The lack of gravitas and grey hairs were handicaps when he took over as Treasury Secretary in the heat of the financial crisis in early 2009. One of his allies in Congress, Barney Frank, later told him that when he spoke in public, “I looked like I was at my own bar mitzvah.” As it happens, Geithner isn’t Jewish either, though it’s another common misperception. When he met Barbara Streisand at a state dinner, she told him that “I must be alright because I was a Brooklyn Jew; which was kind of her, except that I’m not Jewish and I’ve never lived in Brooklyn.”

Geithner really knows a lot about financial crises, having seen at close hand all of the major financial fires of the last 20 years, starting with the Mexican “Tequila” crisis of 1994. As former Bank of England Governor Mervyn King has joked, “Tim has been present at all the crises. But he did not cause the crises. The crises caused Tim.” He’s a grown-up about how to handle them, unlike many of the European officials he had to deal with when the eurozone was blowing up. Many of them do not come out of the book very well.

The book is a little long, and it’s rather defensive. But when they finish it, most people will probably accept that Geithner is a decent, hard-working person who did what he thought was best. They might even accept that he was never a banker. But having the right motive is not quite the same thing as actually being right. Rather often, he seems to equate the two.

When financial crises happen, governments have to do unpopular things. “What feels just and fair is often the opposite of what’s required for a just and fair outcome,” Geithner acknowledges. But in the account he gives, we don’t see him thinking a lot about what will deliver a “just and fair outcome.” In the throes of battle, there simply isn’t time. Instead we see him deliberating over what will work to restore confidence and growth.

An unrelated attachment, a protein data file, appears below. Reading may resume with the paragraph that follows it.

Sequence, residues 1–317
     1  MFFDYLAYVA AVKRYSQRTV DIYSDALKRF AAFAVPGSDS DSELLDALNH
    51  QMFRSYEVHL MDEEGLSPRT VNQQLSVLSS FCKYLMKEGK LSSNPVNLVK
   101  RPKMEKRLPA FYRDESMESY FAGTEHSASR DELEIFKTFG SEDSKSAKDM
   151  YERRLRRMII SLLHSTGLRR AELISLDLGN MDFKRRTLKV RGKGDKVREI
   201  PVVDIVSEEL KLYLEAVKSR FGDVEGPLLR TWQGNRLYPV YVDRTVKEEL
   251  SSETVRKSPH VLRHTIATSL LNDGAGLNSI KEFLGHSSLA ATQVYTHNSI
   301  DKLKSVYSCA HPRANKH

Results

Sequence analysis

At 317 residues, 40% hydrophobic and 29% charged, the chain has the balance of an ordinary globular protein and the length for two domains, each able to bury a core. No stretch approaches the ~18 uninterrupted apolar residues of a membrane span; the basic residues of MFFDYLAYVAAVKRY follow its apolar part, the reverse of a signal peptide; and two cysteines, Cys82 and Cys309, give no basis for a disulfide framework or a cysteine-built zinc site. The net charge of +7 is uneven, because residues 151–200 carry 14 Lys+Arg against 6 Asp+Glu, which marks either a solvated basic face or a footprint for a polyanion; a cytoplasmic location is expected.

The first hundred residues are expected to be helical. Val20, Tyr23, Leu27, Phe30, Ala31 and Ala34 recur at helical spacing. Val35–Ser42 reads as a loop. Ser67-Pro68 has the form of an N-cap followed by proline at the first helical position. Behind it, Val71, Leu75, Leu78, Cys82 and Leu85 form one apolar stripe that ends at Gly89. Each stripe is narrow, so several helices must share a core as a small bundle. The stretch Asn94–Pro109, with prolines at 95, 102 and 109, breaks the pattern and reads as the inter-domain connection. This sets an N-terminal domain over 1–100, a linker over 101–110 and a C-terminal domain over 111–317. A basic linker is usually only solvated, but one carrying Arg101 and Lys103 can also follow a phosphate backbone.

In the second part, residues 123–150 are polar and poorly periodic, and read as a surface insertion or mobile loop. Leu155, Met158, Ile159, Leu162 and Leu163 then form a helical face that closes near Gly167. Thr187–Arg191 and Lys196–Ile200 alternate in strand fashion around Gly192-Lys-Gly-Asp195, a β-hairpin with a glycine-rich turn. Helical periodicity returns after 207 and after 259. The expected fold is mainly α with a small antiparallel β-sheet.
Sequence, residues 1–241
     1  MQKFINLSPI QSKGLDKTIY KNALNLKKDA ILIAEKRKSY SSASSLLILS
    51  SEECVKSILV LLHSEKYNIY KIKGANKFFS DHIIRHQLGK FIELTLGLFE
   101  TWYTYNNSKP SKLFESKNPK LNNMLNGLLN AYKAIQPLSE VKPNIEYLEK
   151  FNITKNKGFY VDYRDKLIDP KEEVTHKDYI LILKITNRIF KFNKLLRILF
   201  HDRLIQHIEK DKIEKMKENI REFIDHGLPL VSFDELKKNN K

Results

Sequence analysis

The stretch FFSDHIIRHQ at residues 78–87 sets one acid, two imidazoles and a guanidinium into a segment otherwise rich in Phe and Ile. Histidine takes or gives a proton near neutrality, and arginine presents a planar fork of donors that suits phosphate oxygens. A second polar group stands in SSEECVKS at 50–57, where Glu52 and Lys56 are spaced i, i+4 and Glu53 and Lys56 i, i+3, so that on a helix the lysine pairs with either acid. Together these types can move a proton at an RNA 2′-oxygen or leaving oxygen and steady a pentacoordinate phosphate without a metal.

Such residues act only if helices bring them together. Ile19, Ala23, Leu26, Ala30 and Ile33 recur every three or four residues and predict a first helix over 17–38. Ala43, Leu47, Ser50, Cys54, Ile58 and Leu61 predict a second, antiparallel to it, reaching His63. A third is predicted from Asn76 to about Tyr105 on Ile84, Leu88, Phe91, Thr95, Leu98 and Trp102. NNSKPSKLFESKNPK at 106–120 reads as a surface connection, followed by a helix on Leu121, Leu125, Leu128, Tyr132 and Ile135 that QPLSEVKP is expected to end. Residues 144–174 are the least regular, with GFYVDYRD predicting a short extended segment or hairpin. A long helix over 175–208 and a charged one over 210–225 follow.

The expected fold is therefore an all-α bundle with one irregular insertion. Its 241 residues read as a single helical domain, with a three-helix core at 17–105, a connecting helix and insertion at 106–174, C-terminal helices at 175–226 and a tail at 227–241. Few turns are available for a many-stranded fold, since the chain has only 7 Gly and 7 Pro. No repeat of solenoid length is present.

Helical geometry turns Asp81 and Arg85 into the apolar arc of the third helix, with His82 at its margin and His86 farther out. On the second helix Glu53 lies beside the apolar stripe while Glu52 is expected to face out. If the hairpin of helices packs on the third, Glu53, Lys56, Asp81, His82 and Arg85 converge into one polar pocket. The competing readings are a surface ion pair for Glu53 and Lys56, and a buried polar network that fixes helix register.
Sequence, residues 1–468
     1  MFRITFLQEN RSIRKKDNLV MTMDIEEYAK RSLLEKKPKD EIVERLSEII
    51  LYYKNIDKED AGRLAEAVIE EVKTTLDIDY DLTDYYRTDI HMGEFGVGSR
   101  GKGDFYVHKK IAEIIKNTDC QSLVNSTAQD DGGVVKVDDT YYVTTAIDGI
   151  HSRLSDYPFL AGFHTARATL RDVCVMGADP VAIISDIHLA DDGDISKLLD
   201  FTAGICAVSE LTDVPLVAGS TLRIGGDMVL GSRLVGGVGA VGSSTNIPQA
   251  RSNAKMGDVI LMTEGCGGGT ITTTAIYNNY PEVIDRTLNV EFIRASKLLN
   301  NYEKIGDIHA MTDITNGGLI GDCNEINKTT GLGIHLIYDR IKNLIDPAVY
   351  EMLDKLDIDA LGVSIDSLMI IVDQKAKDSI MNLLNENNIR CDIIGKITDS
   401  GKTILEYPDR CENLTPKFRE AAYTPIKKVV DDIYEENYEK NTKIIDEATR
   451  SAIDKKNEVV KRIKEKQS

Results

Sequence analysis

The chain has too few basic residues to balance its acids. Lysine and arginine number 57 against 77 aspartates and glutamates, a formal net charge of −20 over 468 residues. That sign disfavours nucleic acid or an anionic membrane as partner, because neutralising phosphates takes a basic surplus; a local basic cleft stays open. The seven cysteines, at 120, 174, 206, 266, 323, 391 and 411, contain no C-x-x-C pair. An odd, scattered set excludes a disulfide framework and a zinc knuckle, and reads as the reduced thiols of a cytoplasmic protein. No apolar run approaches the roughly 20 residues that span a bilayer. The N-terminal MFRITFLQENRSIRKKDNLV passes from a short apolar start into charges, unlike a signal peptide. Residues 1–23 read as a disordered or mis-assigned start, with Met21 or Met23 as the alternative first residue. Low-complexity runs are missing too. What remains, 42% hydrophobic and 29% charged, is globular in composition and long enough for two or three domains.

Geithner believes that it would have been worse for everyone, in the long run, if the shareholders and creditors of the major banks had been made to pay a higher price—and bondholders in rescued institutions had been forced to take “haircuts” (mandatory write-downs). He thought that this kind of “Old Testament justice” would only worsen the crisis and, in the autumn of 2008, he was probably right.

But he didn’t want to force banks to conserve capital and cut dividends in the run up to the crisis, either—despite mounting evidence that they were not going to have enough to weather the storm. Nor, in March 2009, did he prevent AIG from paying out $165m in bonuses to employees in the Financial Products Unit that had helped blow up the firm. AIG was then the recipient of well over $100bn in emergency public funds, but Geithner thought “the public relations of trying to intervene would pale in comparison to the damaging spectre of the US government trying to break a private contract.”

Geithner might have been right in all of these judgements. We will simply never know. But we do know there were plenty of people inside and outside the administration—including his (and my) former boss, Larry Summers—who didn’t think the cost of restoring confidence needed to be quite so hard to swallow. Even if history ends up taking Geithner’s side, I suspect it will hesitate to suggest the outcome was “just and fair.”

Right or wrong, Geithner will surely go down as the “man who bailed out Wall Street.” At all the key moments during the crisis, he hoped and believed that what would be good for confidence in banks would be good for everyone else. Maybe there was a “fairer” way to do that. But responding to financial crises is about choosing between bad options. Herbert Hoover went down in history as the man who failed to bail out Wall Street, and so failed to halt the slide into the Great Depression. I know which one I’d rather be, and Geithner is pretty sure too.